I’ll admit it – I’m a total tech geek. So, you can imagine I was pretty excited when I found out I was getting the chance to interview the CEO of Wikileaf.com. If you haven’t been to Wikileaf yet I highly recommend giving it a test run. They took the idea of dispensary location and flipped it on its head. What do I mean by that? Check out my interview below to find out.
Mary Jane’s Diary (MJD): When was Wikileaf created, and what kind of growth have you seen?
Dan (D): The idea of Wikileaf came to me in late 2012 and I began working on it with a few developers in early 2013. It took us a good 9 months of building the platform before we finally launched the product on Wikileaf.com on January 22, 2014. Since we launched a year and 4 months ago we’ve received a great deal of press. We were even featured as one of Entrepreneur Magazine’s Top 100 Brilliant Business Ideas of 2014. That was a huge confidence boost for us but more importantly a positive signal that main stream business publications were starting to take Cannabis companies, and the industry as a whole, more seriously. Since January of 2014 we’ve seen our traffic grow steadily at roughly 20% month over month. We just hit 250,000 pageviews last month and expect to be at 1,000,000 pageviews monthly by April of 2016.
MJD: Can you tell us a little bit about the team members over at Wikileaf?
D: As far as the Wikileaf team goes, I have one full stack project manager that I’ve worked with for years who has 2 full time employees under him and another part time designer. We also have 2 data entry/research people and a writer who compiles our strain content…so including myself we’re a lean team of 6!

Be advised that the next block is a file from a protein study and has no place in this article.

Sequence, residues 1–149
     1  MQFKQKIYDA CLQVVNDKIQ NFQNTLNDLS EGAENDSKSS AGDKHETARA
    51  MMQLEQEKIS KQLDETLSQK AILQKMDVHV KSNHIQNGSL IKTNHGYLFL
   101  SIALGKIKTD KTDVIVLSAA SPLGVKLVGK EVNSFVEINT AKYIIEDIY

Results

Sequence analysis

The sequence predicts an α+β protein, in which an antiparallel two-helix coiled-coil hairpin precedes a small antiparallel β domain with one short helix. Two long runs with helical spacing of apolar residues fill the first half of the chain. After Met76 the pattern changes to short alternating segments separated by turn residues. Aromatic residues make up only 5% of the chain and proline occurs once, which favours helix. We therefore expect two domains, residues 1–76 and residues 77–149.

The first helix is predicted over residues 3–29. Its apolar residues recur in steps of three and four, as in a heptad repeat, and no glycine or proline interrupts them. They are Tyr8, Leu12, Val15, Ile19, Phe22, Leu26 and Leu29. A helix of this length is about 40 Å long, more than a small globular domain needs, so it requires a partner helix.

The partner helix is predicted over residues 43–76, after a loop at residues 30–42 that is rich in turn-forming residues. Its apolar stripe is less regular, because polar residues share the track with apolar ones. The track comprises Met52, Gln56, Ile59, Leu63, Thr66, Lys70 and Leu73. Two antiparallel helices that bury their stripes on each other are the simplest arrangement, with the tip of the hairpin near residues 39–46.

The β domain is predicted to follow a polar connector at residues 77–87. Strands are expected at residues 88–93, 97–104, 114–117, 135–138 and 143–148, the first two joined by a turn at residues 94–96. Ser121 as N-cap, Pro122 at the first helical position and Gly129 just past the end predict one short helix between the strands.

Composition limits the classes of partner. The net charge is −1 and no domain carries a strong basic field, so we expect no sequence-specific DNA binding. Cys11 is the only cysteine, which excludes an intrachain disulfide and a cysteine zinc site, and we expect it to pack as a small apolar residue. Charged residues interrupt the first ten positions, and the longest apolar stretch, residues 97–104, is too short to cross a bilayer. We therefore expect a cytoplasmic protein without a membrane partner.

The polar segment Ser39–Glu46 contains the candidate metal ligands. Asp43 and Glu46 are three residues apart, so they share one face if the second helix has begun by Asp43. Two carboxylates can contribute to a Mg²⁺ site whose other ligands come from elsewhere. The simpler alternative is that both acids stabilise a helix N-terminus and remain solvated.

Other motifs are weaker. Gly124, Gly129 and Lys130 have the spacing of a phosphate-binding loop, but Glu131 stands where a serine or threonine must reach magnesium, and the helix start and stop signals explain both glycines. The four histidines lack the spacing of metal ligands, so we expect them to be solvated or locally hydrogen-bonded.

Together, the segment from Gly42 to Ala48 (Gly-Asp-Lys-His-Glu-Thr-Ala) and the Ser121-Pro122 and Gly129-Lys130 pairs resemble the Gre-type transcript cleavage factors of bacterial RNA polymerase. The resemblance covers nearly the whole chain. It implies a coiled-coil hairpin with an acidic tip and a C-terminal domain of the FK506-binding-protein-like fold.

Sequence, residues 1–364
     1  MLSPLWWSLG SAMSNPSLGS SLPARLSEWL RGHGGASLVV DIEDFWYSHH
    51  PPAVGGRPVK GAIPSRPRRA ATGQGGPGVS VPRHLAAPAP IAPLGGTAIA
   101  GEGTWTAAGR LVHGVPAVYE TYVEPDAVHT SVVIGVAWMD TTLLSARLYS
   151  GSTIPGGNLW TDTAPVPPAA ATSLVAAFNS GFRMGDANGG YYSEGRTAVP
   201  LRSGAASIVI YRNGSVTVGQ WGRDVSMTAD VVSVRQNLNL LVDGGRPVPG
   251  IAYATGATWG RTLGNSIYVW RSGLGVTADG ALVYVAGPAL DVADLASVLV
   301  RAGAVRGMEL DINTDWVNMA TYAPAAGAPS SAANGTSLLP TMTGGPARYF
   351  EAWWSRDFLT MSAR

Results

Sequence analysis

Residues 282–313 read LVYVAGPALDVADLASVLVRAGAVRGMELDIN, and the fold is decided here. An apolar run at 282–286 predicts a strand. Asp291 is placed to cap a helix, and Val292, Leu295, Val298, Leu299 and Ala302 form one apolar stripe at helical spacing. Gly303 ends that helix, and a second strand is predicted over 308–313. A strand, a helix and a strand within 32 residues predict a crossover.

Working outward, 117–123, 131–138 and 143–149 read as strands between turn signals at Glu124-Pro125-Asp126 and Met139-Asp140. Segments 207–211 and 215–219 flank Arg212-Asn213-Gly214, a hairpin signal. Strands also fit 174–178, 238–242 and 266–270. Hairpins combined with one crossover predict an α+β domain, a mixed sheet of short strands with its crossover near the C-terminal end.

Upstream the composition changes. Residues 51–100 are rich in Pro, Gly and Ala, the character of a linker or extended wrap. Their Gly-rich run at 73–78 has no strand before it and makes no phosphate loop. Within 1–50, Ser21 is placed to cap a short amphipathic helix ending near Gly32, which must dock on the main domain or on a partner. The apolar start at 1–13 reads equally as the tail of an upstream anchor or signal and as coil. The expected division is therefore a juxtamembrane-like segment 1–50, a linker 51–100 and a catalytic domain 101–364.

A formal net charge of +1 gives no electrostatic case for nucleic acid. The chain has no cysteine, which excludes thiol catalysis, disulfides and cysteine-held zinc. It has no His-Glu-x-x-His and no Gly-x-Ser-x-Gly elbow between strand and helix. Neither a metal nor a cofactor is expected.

MJD: There are several dispensary locator sites to choose from. What makes Wikileaf different?
D: What sets Wikileaf apart from the other dispensary locator sites out there is that we use a reverse auction model. This means that the consumer specifies how much he/she intends to spend at the dispensary and then the results are filtered based on how many grams he/she can get for this price from various dispensaries and/or delivery services in her neighborhood. We feel it’s the most consumer-centric model out there and allows us to display far more price points than simply how much for a gram, eighth, quarter, etc.
MJD: What has been the toughest part of starting and/or running Wikileaf?
D: The toughest part of running Wikileaf has been time management. My natural focus is and always has been on building the product. Regularly adding the features that dispensaries and consumers have requested and keeping the overall design simple and slick. Unfortunately there is a lot more to building a company than simply focusing on the product. Seeking out investors and continually keeping dialogue open between us and our clients (dispensaries) is something we need to invest more of our time on moving forward.
MJD: What does the future hold for Wikileaf? Any upcoming developments you can tell us about?
D: We’re constantly adding features to the site. We release a new update roughly every month. Last month we just launched our premium partner dispensary platform. This enables the dispensaries and delivery services we work closest with to have higher visibility on our site. We also add data on new Cannabis strains regularly and are always welcoming new dispensaries and delivery services onto the site. Plus, stay tuned for both our Apple and Android apps that will launch later this year or early 2016!
MJD: Which do you prefer – indica or sativa?
D: I’m almost always into Indica. It’s far more relaxing for me and more mellow than Sativa. That’s not to say I never enjoy a good Sativa though. If I’m out and about with some friends during the day being active we’ll opt for a Sativa. We usually hit up Sativa’s for instance when we’re up early in the morning fishing since those strains seem to be more of a stimulant. But most of the time I’m all about the mellow Indica high.
When I’m doing interviews and reviews I’m not just looking for good products (although that part is super important). I’m also looking for good people who work behind the scenes to bring these products and services to life. Dan is a super cool guy who really seems to care about the cannabis community.
Go to wikileaf.com, and tell me what you think in the comments below.